It is one of the stark facts of late industrialism that poverty rates remain high even in many rich countries (such as the United States). The scholars who study poverty examine how it is best measured, why some groups are especially prone to extreme poverty, whether poverty can be reduced through early intervention and other social policy, and how poverty is experienced on a day-to-day basis.
How sensitive are poverty rates to different measurement decisions? Should measurement be oriented toward outcomes (e.g., income levels) or opportunities (e.g., access to education)?
Are poverty raises increasing? Are children born into poverty likely to remain in poverty throughout their childhood? Throughout their adult lives? Which racial and ethnic groups are especially likely to experience poverty? Are female-headed households especially prone to poverty?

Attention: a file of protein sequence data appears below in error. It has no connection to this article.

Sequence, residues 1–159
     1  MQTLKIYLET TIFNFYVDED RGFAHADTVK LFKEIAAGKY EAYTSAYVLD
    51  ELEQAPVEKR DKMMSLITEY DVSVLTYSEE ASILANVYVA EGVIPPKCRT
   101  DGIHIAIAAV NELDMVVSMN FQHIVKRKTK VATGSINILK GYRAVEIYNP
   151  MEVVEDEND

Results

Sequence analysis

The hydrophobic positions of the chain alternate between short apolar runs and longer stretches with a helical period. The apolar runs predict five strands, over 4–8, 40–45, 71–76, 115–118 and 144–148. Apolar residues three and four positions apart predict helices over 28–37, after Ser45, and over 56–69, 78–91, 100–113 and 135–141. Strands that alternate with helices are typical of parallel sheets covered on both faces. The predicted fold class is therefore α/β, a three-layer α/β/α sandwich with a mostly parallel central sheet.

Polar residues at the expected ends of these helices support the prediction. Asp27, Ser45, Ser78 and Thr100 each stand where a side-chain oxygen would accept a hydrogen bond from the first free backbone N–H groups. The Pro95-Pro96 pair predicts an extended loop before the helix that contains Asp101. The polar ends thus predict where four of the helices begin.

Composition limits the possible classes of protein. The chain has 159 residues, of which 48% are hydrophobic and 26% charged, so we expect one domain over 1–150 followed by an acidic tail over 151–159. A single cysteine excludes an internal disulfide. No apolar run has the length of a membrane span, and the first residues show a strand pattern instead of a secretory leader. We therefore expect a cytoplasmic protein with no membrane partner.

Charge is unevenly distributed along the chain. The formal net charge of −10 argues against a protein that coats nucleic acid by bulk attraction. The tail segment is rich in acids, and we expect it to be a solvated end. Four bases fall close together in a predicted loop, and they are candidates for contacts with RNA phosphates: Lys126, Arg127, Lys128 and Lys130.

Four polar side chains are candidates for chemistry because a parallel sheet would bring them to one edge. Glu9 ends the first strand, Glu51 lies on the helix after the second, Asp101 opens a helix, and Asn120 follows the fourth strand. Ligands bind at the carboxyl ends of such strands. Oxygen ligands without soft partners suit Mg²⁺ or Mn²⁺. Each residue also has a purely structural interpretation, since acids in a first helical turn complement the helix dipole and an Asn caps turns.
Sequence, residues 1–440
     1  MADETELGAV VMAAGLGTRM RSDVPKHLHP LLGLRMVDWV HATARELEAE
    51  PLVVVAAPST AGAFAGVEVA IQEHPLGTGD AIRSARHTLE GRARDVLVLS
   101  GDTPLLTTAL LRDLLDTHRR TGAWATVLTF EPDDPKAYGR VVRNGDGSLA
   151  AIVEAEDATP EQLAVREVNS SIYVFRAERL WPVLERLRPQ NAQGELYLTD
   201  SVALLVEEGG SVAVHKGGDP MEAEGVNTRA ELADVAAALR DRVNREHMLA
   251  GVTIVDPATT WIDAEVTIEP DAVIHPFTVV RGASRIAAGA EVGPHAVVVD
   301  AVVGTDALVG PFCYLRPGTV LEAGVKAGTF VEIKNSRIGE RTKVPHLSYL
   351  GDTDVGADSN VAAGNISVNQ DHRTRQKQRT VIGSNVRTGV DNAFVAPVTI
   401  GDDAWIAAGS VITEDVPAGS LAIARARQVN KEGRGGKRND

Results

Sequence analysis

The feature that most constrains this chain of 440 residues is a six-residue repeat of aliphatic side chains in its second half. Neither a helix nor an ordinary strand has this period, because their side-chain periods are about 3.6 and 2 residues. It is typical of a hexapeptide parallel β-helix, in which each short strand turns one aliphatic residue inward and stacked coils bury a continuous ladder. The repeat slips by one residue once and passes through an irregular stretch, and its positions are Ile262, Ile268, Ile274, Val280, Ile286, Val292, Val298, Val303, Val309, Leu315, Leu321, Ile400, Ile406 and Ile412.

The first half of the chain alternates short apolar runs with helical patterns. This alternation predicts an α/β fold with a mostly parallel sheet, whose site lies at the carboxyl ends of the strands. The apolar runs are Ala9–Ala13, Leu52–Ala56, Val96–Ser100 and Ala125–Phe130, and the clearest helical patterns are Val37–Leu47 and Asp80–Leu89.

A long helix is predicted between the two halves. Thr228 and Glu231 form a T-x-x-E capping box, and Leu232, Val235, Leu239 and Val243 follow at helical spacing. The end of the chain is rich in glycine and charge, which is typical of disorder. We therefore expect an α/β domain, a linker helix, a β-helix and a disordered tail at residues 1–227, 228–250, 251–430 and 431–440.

Has welfare reform reduced poverty rates? How much poverty could be eliminated by raising the minimum wage? Would poverty decrease dramatically if Head Start programs were more widely offered?
Are the everyday lives of those in poverty fundamentally different than the everyday lives of those in the middle class? Are the poverty-stricken especially likely to be socially isolated? Are they often hopeless and discouraged?
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